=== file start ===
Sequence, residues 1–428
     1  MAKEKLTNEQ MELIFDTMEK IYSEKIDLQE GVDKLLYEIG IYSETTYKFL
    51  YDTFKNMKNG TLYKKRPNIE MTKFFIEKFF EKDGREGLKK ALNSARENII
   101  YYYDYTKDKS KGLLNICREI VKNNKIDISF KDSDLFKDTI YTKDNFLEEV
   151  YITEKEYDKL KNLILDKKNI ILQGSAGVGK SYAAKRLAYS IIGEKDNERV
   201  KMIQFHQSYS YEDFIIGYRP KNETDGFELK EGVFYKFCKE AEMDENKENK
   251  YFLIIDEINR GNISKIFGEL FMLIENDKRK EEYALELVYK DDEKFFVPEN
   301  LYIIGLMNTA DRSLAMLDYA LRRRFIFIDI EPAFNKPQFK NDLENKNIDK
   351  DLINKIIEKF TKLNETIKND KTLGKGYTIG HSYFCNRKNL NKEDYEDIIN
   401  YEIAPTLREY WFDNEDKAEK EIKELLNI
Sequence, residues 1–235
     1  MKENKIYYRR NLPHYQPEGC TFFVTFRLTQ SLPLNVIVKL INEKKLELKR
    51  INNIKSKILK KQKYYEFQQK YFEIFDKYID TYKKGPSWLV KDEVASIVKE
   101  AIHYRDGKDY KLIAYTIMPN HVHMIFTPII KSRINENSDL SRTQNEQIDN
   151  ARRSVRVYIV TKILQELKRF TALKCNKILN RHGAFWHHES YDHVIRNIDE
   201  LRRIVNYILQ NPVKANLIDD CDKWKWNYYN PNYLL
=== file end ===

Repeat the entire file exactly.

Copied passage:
Sequence, residues 1–428
     1  MAKEKLTNEQ MELIFDTMEK IYSEKIDLQE GVDKLLYEIG IYSETTYKFL
    51  YDTFKNMKNG TLYKKRPNIE MTKFFIEKFF EKDGREGLKK ALNSARENII
   101  YYYDYTKDKS KGLLNICREI VKNNKIDISF KDSDLFKDTI YTKDNFLEEV
   151  YITEKEYDKL KNLILDKKNI ILQGSAGVGK SYAAKRLAYS IIGEKDNERV
   201  KMIQFHQSYS YEDFIIGYRP KNETDGFELK EGVFYKFCKE AEMDENKENK
   251  YFLIIDEINR GNISKIFGEL FMLIENDKRK EEYALELVYK DDEKFFVPEN
   301  LYIIGLMNTA DRSLAMLDYA LRRRFIFIDI EPAFNKPQFK NDLENKNIDK
   351  DLINKIIEKF TKLNETIKND KTLGKGYTIG HSYFCNRKNL NKEDYEDIIN
   401  YEIAPTLREY WFDNEDKAEK EIKELLNI
Sequence, residues 1–235
     1  MKENKIYYRR NLPHYQPEGC TFFVTFRLTQ SLPLNVIVKL INEKKLELKR
    51  INNIKSKILK KQKYYEFQQK YFEIFDKYID TYKKGPSWLV KDEVASIVKE
   101  AIHYRDGKDY KLIAYTIMPN HVHMIFTPII KSRINENSDL SRTQNEQIDN
   151  ARRSVRVYIV TKILQELKRF TALKCNKILN RHGAFWHHES YDHVIRNIDE
   201  LRRIVNYILQ NPVKANLIDD CDKWKWNYYN PNYLL